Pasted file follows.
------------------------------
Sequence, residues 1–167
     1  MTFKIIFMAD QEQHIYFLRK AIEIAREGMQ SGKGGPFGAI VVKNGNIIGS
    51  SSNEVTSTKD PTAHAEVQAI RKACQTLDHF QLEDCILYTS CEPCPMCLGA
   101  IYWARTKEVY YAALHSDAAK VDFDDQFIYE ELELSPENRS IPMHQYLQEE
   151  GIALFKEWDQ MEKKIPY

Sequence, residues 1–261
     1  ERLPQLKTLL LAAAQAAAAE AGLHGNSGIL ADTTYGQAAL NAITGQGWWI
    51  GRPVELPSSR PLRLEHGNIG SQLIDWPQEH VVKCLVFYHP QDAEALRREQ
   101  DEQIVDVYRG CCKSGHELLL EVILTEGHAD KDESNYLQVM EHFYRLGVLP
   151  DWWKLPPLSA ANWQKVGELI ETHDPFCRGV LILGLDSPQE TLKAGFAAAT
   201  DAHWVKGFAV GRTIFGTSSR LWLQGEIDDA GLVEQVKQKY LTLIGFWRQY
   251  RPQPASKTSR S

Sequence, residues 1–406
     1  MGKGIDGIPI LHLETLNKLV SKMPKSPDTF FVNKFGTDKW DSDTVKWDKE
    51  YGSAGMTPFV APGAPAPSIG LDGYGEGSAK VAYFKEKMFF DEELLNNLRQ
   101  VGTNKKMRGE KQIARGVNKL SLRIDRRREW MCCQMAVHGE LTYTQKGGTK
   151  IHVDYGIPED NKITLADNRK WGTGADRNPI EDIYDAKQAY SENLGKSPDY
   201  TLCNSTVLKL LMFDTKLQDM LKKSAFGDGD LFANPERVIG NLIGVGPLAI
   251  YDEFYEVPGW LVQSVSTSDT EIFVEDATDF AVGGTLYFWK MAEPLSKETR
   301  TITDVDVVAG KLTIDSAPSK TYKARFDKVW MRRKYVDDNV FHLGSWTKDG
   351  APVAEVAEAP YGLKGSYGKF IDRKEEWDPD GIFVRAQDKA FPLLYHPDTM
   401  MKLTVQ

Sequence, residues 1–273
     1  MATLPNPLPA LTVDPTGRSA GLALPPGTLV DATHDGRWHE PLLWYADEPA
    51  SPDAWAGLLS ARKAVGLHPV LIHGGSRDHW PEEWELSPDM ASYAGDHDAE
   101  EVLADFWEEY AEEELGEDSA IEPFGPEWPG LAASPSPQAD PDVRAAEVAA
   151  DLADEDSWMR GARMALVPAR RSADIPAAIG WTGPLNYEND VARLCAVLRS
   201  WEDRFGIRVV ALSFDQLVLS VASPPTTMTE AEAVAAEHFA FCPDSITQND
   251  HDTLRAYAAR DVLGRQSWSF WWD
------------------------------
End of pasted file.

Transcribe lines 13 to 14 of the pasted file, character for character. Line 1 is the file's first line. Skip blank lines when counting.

Sequence, residues 1–406
     1  MGKGIDGIPI LHLETLNKLV SKMPKSPDTF FVNKFGTDKW DSDTVKWDKE